Pressure mounts on ECB to bring down bond yields
By Gavin Jones and Sakari Suoninen
ROME/FRANKFURT (Reuters) - France and Italy piled more pressure on the European Central Bank on Tuesday to agree steps this week to reduce crippling borrowing costs for southern euro zone states.
But the bank is expected to outline rather than detail its strategy on Thursday in order to keep the pressure on politicians to bring their deficits and debts under control.
Italian Prime Minister Mario Monti and French President Francois Hollande said after talks in Rome that European institutions must act to bring down the bond yields of countries that are unjustifiably penalized by markets.
Monti said he expected measures to remove "the serious obstacle of (bond) spreads that have no underlying economic justification" for Italy and other countries "doing our homework" on economic reform and deficit reduction.
The Bank of Italy said in a study that economic fundamentals justified a risk premium of 200 basis points - or two percentage points - over benchmark German bonds, rather than the 450 basis points that markets were charging at end-August.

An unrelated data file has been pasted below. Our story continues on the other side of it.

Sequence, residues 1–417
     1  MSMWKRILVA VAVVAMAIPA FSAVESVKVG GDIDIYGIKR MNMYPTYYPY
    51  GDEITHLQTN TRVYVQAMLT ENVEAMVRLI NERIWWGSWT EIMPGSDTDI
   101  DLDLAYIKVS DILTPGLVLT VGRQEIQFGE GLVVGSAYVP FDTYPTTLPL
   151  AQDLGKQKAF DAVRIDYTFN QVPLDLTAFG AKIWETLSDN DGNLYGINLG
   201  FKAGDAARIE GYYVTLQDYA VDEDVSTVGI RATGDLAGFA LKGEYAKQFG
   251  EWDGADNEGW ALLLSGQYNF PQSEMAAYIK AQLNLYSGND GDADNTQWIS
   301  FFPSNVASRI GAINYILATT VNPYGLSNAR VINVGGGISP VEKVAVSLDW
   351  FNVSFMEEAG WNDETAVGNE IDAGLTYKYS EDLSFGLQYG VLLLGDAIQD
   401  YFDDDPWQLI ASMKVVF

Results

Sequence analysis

Hollande said high debt yields facing countries such as Spain and Italy were not justified and it was the role of EU institutions, including the ECB, to bring them down.
ECB President Mario Draghi will try to back up his pledge to do "whatever it takes" to save the euro when he presents some details on Thursday of a new bond-buying plan that is transfixing markets hopeful it can ease the euro zone crisis.
Investors are on tenterhooks after brinkmanship in the ECB's internal negotiations over the plan was played out in public last week, with one newspaper reporting that Bundesbank chief Jens Weidmann even considered quitting. Continued...